Resources are the “elementary ingredient” of Chef house. Before mounting up on the spikes of chef’s elevations, it’s favorable to tailor your suit with basics. Combining common ingredients to make a new play substance is always thrilling!. I wish I had some magic secrets or shortcuts to share, but the truth is that you have to start with the ABC’s and then you can rule over the game.
Trigger a VM
Git clone our repository dedicated for this blog series.
Change directory to Chef/centos/chefResourceBackings. Here you find a Vagrantfile which spin up a centos7 machine with chefdk and other tools installed in it.
$ cat Vagrantfile
Launch a new vagrant machine and login.
$ vagrant up
$ vagrant ssh
Your learning environment is ready. Although in this blog we do not focus a lot on practicals, we try to clear our theoretical concepts.
Backings of Resources
Chef resources are the statements which define the configuration approach for any element. From the officials of chef, resources are
Describes the desired state for a configuration item
Declares the steps needed to bring that item to the desired state
Specifies a resource type—such as package, template, or service
Lists additional details (also known as resource properties), as necessary
Are grouped into recipes, which describe working configurations
Chef works with two basic parts, properties and actions.
Properties are the attributes and definitions for the target element of any resources. Some common properties for all resources without exception.
What to do when a resource is fail in its doings i.e. continue or stop. Default value is false or stop.
This is an optional property. You can explicitly define the correct provider for a resource. In common practices this is not mandatory to specified.
Number of attempts that a resource tries in chef-run. Default value is 0.
Time duration between two consecutive tries. Default value is 2.
This defines that the data in resource is sensitive and is not logged by chef-client. Default value is false. This property only applies to the execute, file and template resources.
Actions differ for distinct resources. A common action for every resource is :nothing. Nothing action stated that resource should not do anything until it is notified by any other resource.
Some Basic Resources
Lets took example of some of the basic resources.
This resource manage packages. This install, uninstall and upgrade any package. This resource is also a platform for some other dependent package management resources such as apt_package, dpkg_package, gem_package, yum_package etc. Available actions are :install, :purge, :remove, :upgrade and :nothing.
package ‘tar’ do
package ‘tar’ do
This is responsible to manage files on a machine. Available actions are :create, :create_if_missing, :delete, :nothing and :touch.
file ‘/tmp/test.txt’ do
content ‘This is testing file.’
file ‘/tmp/test2.txt’ do
This will create a test.txt file under /tmp directory and put the contents of string.txt file into it.
Subjected to manage services. Available actions are :disable, :enable, :nothing, :reload, :restart, :start and :stop.
service ‘nginx’ do
service ‘nginx’ do
supports :status => true, :restart => true, :reload => true
action [ :enable, :start ]
This will ensure enable then start options for nginx service. Before this, install nginx using package resource.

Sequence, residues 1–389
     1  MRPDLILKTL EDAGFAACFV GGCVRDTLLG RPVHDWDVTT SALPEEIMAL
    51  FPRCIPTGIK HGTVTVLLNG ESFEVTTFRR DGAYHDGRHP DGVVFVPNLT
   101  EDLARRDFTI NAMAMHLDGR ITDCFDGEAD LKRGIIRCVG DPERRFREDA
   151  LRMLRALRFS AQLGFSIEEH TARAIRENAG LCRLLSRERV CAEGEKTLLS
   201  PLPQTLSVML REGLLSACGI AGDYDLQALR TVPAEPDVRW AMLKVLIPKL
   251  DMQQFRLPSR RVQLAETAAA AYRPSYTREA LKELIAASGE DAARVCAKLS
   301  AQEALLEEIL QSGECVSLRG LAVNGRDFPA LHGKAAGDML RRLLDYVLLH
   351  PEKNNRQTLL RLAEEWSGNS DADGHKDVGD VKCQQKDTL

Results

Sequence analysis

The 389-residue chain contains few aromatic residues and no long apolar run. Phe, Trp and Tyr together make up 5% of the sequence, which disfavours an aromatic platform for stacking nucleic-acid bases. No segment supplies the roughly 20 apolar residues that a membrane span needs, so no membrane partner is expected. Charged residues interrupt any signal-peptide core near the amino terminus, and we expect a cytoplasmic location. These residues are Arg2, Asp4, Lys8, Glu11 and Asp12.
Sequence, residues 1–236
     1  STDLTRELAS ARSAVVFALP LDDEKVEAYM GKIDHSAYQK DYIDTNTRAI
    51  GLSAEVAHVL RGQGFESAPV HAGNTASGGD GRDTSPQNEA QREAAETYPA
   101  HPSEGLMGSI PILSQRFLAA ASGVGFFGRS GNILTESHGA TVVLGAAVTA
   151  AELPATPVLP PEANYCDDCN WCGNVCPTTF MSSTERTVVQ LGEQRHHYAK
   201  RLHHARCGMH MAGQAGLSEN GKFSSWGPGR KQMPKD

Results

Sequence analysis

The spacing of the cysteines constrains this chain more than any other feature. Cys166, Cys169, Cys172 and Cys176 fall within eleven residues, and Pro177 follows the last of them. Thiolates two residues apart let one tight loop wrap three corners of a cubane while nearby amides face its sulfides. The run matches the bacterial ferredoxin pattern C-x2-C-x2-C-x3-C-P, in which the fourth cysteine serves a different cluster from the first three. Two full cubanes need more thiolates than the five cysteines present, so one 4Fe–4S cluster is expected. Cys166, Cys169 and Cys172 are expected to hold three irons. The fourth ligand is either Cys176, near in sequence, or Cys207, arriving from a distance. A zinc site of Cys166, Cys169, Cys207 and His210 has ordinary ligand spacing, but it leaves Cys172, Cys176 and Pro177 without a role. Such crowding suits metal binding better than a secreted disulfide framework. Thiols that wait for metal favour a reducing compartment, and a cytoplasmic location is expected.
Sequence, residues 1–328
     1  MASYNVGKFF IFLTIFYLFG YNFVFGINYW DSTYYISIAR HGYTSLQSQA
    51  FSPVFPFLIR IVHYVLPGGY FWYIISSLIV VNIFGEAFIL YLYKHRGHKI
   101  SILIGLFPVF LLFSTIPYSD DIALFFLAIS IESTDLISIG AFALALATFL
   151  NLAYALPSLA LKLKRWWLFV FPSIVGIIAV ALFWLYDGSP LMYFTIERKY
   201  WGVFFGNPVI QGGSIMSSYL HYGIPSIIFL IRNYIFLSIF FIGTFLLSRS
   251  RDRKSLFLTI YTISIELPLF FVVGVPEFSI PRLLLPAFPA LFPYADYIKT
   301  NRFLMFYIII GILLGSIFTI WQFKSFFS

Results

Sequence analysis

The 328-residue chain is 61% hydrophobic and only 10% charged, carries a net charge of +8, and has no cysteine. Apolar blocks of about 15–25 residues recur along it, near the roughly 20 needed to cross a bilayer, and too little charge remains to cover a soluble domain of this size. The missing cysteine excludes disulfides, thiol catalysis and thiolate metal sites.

This resource calls chef templates to dynamically generate static files. Templates are “.erb” files with some variables and placed under “/templates” directory of cookbook. Available actions are :create, :create_if_missing, :delete, :nothing and :touch. Template resource only available with cookbooks, you can not use this resource with chef-apply from command line.
template ‘/tmp/sshd_config’ do
template ‘/tmp/config.conf’ do
:config_var => ‘mytext’
This will pass variables to config.conf.erb file to generate config.conf file.
Have some attention towards less likely used but important resources.
This resource manages git repository by interacting with source code management system. Git version 1.6.5 (or higher) is required. Available actions are :checkout, :export, :nothing and :sync.
Resource is responsible to manage soft and hard links. Available actions are :create, :delete and :nothing.
link ‘/tmp/myfile’ do
link ‘/tmp/myhardfile’ do
The default link_type is :symbolic.
This resources is used to execute external script. The supported interpreters are Bash, csh, Perl, Python, or Ruby. Available actions are :run and :nothing.
script ‘extract_module’ do
mkdir -p /tmp/mytest
To manage your cron jobs use this resource. If a property is not specified then default ‘*’ value is taken. Available actions are :create, :delete and :nothing.
cron ‘noop’ do
cron ‘tuesdaycron’ do
This will run the cron job only on tuesday 11:50am.
To test all resources available above, go to resource directory under “chefResourceBackings” directory. All resources are available as bash script.
It’s an extension of the initially available properties. Chef allows you to create your own resources. These custom resources extend the basic definitions of the built-in resources. The custom resources resides in the “/resources” directory of any cookbook. Conventionally name of any custom resource is the name of cookbook and name of resource file separated by underscore (_). Custom resource creation is not an initial task for us so we skip this for now.
This is difficult to cover all about the resource(every resource and their properties or actions) in this article. Refer to chef-resources
for more information.
It’s hard to get this boring stuff exciting in any manner. But it’s a fact that every serious effort makes you closer towards the excellence.
“The Expert In Anything Was Once A Beginner. “
Wanna be an adroit of Chef then from now “practice like a devil play like an angel”.